February 9, 2017: Cold Weather, Hemorrhage Control, Chest Pain, OB
Cold Weather Emergencies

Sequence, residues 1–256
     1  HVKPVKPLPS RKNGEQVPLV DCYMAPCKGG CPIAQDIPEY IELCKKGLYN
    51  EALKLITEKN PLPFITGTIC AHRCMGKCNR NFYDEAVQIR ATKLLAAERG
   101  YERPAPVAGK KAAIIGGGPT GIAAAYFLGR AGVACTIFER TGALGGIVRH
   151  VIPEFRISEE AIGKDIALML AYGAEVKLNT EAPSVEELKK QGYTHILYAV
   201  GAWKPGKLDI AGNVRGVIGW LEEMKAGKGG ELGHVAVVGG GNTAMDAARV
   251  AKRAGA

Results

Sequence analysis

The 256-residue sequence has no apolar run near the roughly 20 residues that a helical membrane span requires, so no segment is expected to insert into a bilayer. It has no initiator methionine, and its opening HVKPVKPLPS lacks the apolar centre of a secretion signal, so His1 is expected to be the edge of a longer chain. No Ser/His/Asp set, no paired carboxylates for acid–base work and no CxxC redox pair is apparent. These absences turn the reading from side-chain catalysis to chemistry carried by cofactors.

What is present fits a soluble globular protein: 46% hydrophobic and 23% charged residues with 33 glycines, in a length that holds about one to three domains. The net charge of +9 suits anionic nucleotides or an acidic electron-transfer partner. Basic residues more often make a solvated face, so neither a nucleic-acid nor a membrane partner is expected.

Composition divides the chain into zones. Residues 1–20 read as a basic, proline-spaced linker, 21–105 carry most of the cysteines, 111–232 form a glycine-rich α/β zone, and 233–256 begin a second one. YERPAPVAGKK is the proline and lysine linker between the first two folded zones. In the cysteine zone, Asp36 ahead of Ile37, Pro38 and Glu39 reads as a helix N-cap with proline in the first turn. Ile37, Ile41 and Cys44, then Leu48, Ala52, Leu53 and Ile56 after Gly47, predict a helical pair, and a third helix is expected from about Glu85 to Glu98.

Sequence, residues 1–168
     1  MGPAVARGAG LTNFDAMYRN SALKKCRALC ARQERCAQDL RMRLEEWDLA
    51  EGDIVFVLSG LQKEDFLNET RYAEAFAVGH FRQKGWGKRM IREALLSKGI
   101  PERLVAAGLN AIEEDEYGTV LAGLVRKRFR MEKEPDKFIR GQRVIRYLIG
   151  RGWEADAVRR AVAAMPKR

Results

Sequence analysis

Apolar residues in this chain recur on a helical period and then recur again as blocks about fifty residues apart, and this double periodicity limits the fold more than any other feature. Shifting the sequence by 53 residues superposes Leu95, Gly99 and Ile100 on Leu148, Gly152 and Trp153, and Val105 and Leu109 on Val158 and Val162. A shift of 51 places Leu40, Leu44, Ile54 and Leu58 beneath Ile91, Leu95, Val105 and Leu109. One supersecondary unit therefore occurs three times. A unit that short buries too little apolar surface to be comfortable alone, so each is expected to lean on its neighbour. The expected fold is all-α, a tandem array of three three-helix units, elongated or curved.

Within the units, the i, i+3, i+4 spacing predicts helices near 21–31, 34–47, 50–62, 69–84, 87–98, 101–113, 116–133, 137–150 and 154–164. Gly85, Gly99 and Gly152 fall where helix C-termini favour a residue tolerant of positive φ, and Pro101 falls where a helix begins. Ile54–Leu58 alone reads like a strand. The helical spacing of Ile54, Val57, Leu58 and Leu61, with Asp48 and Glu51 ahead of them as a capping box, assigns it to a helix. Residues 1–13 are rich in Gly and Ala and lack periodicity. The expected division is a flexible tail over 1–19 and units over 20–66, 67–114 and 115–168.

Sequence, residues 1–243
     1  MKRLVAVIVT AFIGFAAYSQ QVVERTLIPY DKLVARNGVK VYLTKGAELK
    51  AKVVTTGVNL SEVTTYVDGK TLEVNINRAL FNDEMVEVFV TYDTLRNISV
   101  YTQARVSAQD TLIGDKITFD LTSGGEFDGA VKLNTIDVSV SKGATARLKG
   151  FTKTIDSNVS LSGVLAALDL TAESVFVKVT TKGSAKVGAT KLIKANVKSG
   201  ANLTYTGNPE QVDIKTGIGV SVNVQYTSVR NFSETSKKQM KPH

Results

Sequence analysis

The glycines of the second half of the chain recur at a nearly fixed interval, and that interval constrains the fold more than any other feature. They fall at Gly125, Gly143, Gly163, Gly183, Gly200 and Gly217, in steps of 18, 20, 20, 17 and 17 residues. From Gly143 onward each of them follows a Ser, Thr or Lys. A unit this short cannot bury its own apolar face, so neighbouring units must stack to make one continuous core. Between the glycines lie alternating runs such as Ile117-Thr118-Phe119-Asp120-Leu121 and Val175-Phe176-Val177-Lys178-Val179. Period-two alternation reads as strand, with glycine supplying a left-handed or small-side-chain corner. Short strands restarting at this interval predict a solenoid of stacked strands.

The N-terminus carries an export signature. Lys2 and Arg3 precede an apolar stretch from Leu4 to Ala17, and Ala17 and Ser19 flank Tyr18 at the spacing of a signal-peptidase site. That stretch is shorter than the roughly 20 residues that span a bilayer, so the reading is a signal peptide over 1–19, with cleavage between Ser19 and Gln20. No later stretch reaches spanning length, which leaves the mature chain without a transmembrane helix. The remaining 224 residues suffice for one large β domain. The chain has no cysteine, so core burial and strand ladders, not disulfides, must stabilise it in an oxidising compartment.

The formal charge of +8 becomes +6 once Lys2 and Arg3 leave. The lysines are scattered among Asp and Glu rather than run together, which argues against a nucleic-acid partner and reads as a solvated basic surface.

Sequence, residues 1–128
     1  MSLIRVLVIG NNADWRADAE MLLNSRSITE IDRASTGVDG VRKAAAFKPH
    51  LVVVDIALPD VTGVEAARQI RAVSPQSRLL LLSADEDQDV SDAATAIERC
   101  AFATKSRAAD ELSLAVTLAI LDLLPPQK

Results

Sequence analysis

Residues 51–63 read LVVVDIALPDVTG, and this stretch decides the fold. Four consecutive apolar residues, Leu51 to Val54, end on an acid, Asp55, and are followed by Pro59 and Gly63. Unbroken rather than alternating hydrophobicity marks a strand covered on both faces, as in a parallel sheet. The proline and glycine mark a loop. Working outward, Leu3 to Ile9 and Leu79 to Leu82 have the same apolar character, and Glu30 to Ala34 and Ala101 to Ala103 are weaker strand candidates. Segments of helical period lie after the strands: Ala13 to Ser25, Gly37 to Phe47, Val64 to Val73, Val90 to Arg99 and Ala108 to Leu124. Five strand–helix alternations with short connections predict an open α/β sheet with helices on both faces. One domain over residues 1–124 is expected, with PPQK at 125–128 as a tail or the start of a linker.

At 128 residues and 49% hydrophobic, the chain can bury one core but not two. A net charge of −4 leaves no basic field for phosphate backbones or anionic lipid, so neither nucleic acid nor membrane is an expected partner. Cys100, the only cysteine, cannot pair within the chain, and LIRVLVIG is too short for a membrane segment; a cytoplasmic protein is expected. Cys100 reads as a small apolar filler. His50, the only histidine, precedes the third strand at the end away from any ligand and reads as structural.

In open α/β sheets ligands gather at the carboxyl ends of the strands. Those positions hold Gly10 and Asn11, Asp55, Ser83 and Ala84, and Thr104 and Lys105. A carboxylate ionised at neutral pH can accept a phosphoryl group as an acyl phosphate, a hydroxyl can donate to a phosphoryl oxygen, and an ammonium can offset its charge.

Cold weather injuries happen to people who are either too drunk, too crazy, or too injured to come in out of the cold. Exposure injuries can be broken down into the non-freezing and freezing injuries. Non-freezing injuries (chillblains, immersion foot) involve contact with cold, wet or damp conditions above 32 F, and are a combination of vascular spasm and ischemia. Treatment acutely is warming, protecting with dry dressings, and avoidance of the cold. Freezing injuries (frostbite) occur when the skin actually drops below 32F. Frostbite is graded like a burn depending on how deep tissue has frozen: 1st degree= superficial layers, 2nd degree= into deeper skin layers, 3rd degree= into capilaries and deepest skin layers, 4th degree= into fat, muscle, bone, etc. It's a combination of the actual cellular damage from freezing AND the inflammation etc that occurs after the area is rewarmed that causes damage, so the key to treatment is to only have rewarm them once- once they are unfrozen, prevent them from freezing again at all costs. Don't use hot air to rewarm- make a water bath of about 104 F water and soak in that. Hypothermia occurs at less than about 95-96F. Treatment for hypothermia is to aggressively warm the patient (without causing burns). Naked in room temperature air won't help; warm IV fluids won't really help, they just don't hurt as much; warm blankets won't really help; regulated forced air blankets (Bair Hugger) will help, and can be used in many ambulance configurations. Barring that, the best treatment is to go to the hospital where other stuff (warm NG lavage, warm ventilated air, thoracic lavage, bypass/ ECMO) can be done. Defib these people once if indicated, then just do compressions until you get them warm. Resus drugs (epi etc) +/- . Once a patient reaches 90 F or higher, dysrhythmias are unlikely and the patient can be considered warm and dead. Submersion injuries occur in toddlers and the penis carrying population. C spine injury is uncommon in submersion injuries- basically everything else should take precedent over immobilization. Drowning is a pulmonary problem- think ABC in arrest rather than CAB.